Impaired social functioning in adolescent and young adult sarcoma survivors: Prevalence and risk factors.

Abstract

PLAIN LANGUAGE SUMMARY

Sarcomas account for almost 11% of all cancers in adolescents and young adults (AYAs; 18-39 years). The AYA group is increasingly recognized as a distinct oncological age group with its own psychosocial challenges and biological characteristics. Social functioning has been shown to be severely affected in AYA cancer survivors. A population-based questionnaire study to identify AYA sarcoma survivors with impaired social functioning (ISF) and determine factors associated with ISF was conducted. More than one-quarter of AYA sarcoma survivors experience ISF long after diagnosis. These results emphasize the importance of follow-up care that is not only disease-orientated but also focuses on the psychological and social domains.

METHODS

AYAs from the population-based cross-sectional sarcoma survivorship study (SURVSARC) were included (n = 176). ISF was determined according to the European Organization for Research and Treatment of Cancer Quality of Life Questionnaire Core 30 social functioning scale, and age- and sex-matched norm data were used as reference.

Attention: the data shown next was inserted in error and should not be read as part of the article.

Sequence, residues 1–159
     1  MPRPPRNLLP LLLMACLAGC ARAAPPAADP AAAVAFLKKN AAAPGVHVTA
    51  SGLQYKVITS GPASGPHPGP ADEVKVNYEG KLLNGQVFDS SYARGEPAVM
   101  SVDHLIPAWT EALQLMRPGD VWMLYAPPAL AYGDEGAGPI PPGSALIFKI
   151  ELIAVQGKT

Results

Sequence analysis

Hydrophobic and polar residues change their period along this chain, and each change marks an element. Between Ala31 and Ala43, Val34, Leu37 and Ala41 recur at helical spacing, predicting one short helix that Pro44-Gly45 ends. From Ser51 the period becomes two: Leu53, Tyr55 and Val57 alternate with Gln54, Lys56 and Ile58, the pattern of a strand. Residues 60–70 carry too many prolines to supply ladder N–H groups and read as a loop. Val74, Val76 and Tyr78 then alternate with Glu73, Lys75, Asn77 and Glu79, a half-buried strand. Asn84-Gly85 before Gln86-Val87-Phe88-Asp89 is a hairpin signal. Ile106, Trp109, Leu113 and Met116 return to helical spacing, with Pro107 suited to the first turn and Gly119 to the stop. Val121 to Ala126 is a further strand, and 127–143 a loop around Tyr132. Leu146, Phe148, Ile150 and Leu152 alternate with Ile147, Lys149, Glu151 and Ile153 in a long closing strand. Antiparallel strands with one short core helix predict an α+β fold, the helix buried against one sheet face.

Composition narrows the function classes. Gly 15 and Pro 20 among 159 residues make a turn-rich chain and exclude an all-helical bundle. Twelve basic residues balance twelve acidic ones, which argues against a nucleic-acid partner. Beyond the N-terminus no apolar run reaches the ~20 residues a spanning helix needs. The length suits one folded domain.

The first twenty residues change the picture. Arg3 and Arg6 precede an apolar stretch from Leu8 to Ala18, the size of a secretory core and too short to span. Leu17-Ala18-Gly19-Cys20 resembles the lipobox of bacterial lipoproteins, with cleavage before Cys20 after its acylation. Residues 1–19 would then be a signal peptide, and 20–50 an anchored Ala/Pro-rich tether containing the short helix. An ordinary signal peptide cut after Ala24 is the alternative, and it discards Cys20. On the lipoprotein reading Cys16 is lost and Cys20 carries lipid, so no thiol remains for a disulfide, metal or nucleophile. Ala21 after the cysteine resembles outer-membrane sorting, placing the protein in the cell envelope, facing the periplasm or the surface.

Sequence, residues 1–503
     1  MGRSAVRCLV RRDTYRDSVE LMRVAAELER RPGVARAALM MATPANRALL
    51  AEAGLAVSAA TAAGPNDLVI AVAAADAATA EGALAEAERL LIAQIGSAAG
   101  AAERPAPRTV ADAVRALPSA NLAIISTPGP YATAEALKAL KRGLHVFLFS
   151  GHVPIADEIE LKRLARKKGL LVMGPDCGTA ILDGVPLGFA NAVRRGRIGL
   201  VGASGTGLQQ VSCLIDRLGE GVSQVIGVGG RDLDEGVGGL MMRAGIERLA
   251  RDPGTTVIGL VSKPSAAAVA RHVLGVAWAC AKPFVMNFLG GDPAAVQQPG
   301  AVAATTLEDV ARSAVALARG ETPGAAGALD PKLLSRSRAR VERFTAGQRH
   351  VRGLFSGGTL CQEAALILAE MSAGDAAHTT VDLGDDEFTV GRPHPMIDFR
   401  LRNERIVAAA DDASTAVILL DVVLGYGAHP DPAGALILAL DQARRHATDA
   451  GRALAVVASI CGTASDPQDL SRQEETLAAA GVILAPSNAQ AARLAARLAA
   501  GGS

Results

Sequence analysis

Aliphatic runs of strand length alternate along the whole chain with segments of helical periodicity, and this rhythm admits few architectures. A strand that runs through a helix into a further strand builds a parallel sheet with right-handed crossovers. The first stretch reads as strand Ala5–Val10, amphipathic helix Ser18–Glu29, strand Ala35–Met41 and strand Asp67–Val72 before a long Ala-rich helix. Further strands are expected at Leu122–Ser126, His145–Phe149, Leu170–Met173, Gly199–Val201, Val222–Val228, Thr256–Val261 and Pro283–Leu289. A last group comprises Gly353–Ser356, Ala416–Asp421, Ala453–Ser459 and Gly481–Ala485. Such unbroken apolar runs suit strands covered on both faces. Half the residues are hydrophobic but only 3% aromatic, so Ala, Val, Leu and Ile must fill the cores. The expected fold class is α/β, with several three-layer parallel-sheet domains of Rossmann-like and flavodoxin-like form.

BACKGROUND

Sarcomas account for almost 11% of all cancers in adolescents and young adults (AYAs; 18-39 years). AYAs are increasingly recognized as a distinct oncological age group with its own psychosocial challenges and biological characteristics. Social functioning has been shown to be one of the most severely affected domains of health-related quality of life in AYA cancer survivors. This study aims to identify AYA sarcoma survivors with impaired social functioning (ISF) and determine clinical and psychosocial factors associated with ISF.

CONCLUSION

More than one-quarter of AYA sarcoma survivors experience ISF long after diagnosis. These results emphasize the importance of follow-up care that is not only disease-oriented but also focuses on the psychological and social domains.

RESULTS

The median time since diagnosis was 6.2 years (range, 1.8-11.2). More than one-quarter (28%) of AYA sarcoma survivors experienced ISF. Older age, higher tumor stage, comorbidities, lower experienced social support, uncertainty in relationships, feeling less attractive, sexual inactivity, unemployment, and financial difficulties were associated with ISF. In a multivariable analysis, unemployment (OR, 3.719; 95% CI, 1.261-10.967) and having to make lifestyle changes because of financial problems caused by one's physical condition or medical treatment (OR, 3.394; 95% CI, 1.118-10.300) were associated with ISF; better experienced social support was associated with non-ISF (OR, 0.739; 95% CI, 0.570-0.957).

More about this publication

Cancer
  • Volume 129
  • Issue nr. 9
  • Pages 1419-1431
  • Publication date 01-05-2023

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